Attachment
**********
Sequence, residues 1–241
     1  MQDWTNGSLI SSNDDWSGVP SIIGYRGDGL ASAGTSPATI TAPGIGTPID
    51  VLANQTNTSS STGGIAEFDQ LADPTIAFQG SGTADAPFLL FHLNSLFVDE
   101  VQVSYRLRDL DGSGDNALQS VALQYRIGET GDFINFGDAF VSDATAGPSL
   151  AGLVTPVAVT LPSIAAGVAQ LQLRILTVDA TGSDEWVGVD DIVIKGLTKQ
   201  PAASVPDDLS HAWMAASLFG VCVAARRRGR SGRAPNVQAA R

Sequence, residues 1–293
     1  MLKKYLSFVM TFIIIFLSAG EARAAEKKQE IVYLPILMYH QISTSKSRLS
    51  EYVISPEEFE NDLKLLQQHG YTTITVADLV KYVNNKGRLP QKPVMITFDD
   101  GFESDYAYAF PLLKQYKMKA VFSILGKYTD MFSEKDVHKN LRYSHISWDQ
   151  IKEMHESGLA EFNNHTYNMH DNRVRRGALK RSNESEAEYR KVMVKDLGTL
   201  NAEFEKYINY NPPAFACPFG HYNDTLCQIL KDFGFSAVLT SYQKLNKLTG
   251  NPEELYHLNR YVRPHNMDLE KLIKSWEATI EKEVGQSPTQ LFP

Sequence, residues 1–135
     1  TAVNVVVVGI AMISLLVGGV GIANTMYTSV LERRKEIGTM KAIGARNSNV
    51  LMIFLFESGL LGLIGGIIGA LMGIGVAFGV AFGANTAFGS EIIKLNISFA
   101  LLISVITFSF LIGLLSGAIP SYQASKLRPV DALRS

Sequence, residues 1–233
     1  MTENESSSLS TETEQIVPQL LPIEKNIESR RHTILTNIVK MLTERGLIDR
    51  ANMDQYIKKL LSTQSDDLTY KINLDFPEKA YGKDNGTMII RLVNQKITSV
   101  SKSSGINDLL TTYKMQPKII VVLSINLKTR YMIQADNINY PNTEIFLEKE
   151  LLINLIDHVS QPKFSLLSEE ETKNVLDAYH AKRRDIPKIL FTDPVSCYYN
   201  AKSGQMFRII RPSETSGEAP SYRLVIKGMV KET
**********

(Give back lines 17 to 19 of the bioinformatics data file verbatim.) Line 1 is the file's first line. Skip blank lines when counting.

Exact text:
   101  LLISVITFSF LIGLLSGAIP SYQASKLRPV DALRS

Sequence, residues 1–233
     1  MTENESSSLS TETEQIVPQL LPIEKNIESR RHTILTNIVK MLTERGLIDR